I don't think it's across the board, but I think largely a lot of novice cooks are afraid of seasoning things properly. A lot of times, when I've eaten novice cooks' food ... it's under-seasoned or at least [according to] my palette. It's one thing if you've got high blood pressure and need to watch your sodium, but if you don't, when you're drinking enough water, salt is one of the elements that you need in your body. It makes everything taste more like itself.

I think salt is one of the most important things — getting that level right — is one of the most important things you can do in the kitchen. I also think that novice cooks are afraid of high, high heat, and I think you've got to get over that.

Is there a dish that novice cooks should not attempt at home — that they should leave to the professionals?

No, not at all. I believe in people's abilities. I think that, yes, especially if you take some of these classes with me ... I've always found people could learn how to cook. It's not rocket science!

The course description mentions that you will be teaching how to plate in your course. What would you say is the biggest mistake we make when we're trying to plate dishes at home?

Beauty is in the eye of the beholder. But I do think when you're plating, you need to think about how it's going to be eaten. So, for instance, if you need a sauce to go with a certain part of the dish, if you plate it too far away from that, it's not going to be intuitive for the eater to swipe it through that sauce. So you need to make sure [it's] close to it.

For instance, in my dish, we're making a fish stew. I've got some garlicky bread that goes with it, some toasted bread or grilled bread ... so if you want it to really soak up the juices ... put it in the bottom of the dish and let the stew go over the top. But if you want it to stay crunchy, you might want to either put it on the side or put it on the top.

What are some ingredients that every kitchen should have?

You have to have lemons. I think you need lemons. You've got to have salt, you've got to have garlic, onions. What else do I always have in there? I always have three different types of olive oil. Two for frying, with a finishing olive oil, and a cooking olive oil. What else does a kitchen need? I have a really well-stuffed kitchen! Even before the pandemic, I had a well-stuffed kitchen! In my book, Solo: A Modern Cookbook for A Party of One, there is a list of pantry items that I think you should have to make it easier on yourself.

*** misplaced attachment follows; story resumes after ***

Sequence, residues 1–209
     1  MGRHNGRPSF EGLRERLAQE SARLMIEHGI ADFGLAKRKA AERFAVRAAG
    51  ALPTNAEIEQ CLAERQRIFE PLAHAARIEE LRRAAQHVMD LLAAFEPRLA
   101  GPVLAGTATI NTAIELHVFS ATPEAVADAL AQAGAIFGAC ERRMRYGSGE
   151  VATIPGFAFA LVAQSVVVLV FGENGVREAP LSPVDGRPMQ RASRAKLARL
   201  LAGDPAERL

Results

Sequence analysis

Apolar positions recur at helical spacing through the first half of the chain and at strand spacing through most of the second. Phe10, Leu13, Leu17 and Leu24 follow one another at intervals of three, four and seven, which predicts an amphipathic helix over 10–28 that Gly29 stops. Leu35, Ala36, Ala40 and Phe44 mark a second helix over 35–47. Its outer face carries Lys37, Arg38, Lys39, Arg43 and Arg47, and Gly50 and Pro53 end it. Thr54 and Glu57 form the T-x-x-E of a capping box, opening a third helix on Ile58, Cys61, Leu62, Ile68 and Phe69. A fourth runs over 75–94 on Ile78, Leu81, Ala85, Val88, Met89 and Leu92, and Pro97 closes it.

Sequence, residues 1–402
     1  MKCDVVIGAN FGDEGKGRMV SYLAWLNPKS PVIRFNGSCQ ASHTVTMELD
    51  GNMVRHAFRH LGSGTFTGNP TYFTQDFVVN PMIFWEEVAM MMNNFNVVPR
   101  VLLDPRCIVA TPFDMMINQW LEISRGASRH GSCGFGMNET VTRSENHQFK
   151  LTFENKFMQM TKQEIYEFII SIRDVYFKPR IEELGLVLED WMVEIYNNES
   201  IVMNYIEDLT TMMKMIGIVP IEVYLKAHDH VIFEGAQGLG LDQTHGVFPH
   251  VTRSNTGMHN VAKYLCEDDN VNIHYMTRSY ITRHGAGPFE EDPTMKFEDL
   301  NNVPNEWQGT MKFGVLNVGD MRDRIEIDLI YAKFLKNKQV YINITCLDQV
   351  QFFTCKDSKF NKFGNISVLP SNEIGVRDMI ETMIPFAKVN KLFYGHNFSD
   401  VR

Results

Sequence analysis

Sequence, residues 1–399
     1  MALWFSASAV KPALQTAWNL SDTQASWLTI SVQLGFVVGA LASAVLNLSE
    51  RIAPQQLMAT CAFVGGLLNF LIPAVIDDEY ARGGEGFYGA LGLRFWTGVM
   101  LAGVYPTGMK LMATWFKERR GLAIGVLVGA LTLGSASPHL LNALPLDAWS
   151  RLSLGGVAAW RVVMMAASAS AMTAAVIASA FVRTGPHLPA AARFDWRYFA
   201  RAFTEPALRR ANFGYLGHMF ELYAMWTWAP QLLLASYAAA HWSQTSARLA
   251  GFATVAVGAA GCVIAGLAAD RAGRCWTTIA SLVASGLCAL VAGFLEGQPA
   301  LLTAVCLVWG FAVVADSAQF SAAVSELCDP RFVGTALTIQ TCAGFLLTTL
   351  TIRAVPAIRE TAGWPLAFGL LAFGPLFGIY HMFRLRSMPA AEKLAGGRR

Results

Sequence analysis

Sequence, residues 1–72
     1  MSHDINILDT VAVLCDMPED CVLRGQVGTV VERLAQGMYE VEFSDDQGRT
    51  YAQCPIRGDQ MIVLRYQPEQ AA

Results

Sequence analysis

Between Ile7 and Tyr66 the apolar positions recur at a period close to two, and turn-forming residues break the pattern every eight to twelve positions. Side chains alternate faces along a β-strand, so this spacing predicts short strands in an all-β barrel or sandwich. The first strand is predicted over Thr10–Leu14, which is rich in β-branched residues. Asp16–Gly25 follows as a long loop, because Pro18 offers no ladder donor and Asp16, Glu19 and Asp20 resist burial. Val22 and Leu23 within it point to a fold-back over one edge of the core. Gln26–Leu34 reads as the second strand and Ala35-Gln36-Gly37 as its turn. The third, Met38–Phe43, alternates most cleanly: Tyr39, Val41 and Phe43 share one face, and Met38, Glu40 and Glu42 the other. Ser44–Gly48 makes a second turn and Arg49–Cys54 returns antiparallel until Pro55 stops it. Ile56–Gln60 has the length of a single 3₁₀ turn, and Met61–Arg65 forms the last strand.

Is there one essential tool that everyone should have in their kitchen?

I think there's a lot of essential tools just to have. I don't know. I think one that people probably don't have, and it's not necessarily that essential but I really like, [is] a microplane. This is one important tool to have. It just makes things a lot easier. I love a little hand blender. If you're cooking for one, a little hand blender is really important with a little chopper attachment. In my book, I have a whole list of pieces of equipment that you need if you're cooking for one.

What inspired Chef Anita Lo to write her new cookbook

What inspired you to write a cookbook for people who were just cooking for themselves versus feeding a large crowd?

Two things. First of all, it's written for one, but you can multiply any of those recipes! It's so much easier to multiply than divide, especially as everything's written for four, and you're trying to do something for three. So it's not just for one. I think there is some sort of problem with everything [being] written for four people, for a family of four. I don't know, I live in New York City and that's just not the reality. I think more and more these days ... there weren't that many cookbooks written for one and I wanted to write it. I wanted to show how you can. It's hard not to waste food when you're cooking for one, and food waste is always such a big issue right now — it always has been. I think 30% of our food in the United States goes to waste, and 10% of our carbon footprint is from food waste, so this was sort of a guide to help people with that.